Six insights from Digital Dinners: How to build high performing tech teams
By Head of Marketing, Rachel Mcelroy
Did you catch our event, ‘Digital Dinners - how to build high performing tech teams’? Don’t fret if not. While you may have missed the delicious paella and churros from Bomba, expert insights and valuable networking opportunities, we’ve got you covered with the key takeaways. from the evening. But here’s a pro tip: don’t miss the next one. To ensure you’re part of the discussion, follow our LinkedIn page for the next event announcement.
At our event, attendees were treated to an insightful talk by a panel of esteemed guest speakers from Leeds, including our founder and director, Ben Davison; NHS England's deputy chief clinical information officer, Arjun Dhillon; Asda's DevSecOps lead, Ruta Baltiejute; and Sky's digital director of strategy, design & delivery, Liam Cadd. This talent fuelled the event as part of the Leeds Digital Festival events programme.
The speaker line-up delved into the art of building high-performing tech teams, with a focus on creating an unparalleled customer-centric experience that thrives on outcomes and adapts to evolving service demands. Here are the key insights from this thought-provoking discussion:
Customer experience is paramount
In today's world, customer expectations are sky-high, and this applies across public and private sectors. Remarkably, 80% of customers rate their experience with a company as equally important as its products and services. The impact of poor customer service is profound, with one in three customers abandoning a beloved brand after just one negative experience. The stakes rise further, with 90% of customers bidding adieu after three bad experiences.
In the digital age, organisations are in a relentless race to bridge the gap between customer expectations and on-ground reality, all whilst customers are continuously shifting the goalposts. The winning formula lies in delivering services that customers want and doing it faster than demand evolves. Perfecting both aspects sets you on the path to success.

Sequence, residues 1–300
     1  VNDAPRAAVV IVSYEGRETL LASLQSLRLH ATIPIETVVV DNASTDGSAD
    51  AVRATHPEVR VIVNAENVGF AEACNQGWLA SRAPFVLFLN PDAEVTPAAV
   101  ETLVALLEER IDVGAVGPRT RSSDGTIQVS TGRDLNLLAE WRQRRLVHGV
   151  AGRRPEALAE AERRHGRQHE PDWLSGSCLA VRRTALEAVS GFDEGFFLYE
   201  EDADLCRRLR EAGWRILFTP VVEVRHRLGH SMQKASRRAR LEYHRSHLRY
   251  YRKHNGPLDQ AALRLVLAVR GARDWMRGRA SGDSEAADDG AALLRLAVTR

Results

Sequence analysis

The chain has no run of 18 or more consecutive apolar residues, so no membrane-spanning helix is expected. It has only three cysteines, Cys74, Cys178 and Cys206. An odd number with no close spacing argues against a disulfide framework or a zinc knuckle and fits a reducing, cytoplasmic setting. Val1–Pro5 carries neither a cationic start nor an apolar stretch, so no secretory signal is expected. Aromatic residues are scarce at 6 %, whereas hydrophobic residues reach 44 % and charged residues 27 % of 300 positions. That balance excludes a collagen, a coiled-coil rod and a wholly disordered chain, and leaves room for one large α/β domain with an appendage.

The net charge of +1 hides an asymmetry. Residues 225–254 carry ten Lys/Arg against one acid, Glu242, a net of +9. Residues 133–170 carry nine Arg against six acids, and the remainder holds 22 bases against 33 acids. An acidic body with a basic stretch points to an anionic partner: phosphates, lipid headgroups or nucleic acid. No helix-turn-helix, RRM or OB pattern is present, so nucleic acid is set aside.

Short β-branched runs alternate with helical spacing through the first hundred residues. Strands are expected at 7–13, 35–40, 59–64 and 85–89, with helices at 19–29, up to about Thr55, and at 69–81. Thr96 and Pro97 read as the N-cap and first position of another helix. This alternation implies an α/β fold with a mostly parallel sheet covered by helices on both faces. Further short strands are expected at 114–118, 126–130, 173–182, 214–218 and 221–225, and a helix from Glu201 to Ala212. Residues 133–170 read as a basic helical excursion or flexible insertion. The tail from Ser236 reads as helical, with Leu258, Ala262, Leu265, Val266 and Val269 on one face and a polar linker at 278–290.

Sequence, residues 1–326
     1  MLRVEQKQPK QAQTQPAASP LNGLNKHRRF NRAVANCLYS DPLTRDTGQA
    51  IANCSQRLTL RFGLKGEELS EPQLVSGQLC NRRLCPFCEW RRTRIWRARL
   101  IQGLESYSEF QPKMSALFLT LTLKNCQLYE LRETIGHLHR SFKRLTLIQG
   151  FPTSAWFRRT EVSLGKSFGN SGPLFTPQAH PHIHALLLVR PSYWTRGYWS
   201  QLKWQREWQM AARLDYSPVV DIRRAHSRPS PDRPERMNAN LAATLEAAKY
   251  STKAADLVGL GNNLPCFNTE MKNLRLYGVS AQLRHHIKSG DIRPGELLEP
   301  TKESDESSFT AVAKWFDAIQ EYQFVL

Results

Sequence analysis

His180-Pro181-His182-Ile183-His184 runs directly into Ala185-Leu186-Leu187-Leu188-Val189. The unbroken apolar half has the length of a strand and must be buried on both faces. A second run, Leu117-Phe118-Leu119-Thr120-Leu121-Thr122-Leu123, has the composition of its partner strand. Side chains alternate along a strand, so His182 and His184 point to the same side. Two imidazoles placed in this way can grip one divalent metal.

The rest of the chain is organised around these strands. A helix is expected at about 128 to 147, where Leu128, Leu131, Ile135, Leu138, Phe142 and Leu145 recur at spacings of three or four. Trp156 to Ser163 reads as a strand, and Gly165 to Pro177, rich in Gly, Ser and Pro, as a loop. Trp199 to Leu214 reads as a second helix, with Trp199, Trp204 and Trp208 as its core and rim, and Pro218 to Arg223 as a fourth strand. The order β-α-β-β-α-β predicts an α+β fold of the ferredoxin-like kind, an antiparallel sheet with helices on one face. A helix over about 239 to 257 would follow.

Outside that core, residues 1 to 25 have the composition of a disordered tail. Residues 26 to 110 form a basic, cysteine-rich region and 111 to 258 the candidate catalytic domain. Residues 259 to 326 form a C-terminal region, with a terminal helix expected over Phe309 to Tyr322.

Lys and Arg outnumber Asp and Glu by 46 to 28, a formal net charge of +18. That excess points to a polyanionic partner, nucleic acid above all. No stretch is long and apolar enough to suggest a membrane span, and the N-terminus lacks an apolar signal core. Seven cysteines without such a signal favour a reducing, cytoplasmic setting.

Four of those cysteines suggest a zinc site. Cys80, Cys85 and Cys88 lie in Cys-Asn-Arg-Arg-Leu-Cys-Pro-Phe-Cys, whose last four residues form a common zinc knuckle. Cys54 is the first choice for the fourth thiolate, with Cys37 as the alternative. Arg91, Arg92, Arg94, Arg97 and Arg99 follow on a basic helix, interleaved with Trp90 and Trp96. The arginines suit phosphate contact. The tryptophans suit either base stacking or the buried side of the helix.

Define what high performance means to you
Building a high-performing tech team necessitates a clear definition of what high performance means to your business. Our panellists shared their insights with Ben, emphasising high performance involves everything operating seamlessly and harmoniously. He says it's about that "click" where battles are replaced by a sense of alignment, rather than just achieving results.
The panel agreed that trust and safety within the team are pivotal, especially when dealing with high-pressure situations prone to errors. Further to this, Arjun pointed out that recognising when you're not in a high-performing tech team can be as enlightening as knowing when you are.
High performance means valuing customers and involving various team members — not just senior figures — in discussions about customer priorities, according to Liam. Revealing the commercial aspects and aligning them with customer needs forms the foundation of high-performing teams.
During the discussion, Ruta shared her experience of rapidly scaling a team and highlighted the significance of trust and empathy in such scenarios. Building units that can adapt, upskill, and maintain trust is indispensable for success.
Leveraging service design for [what]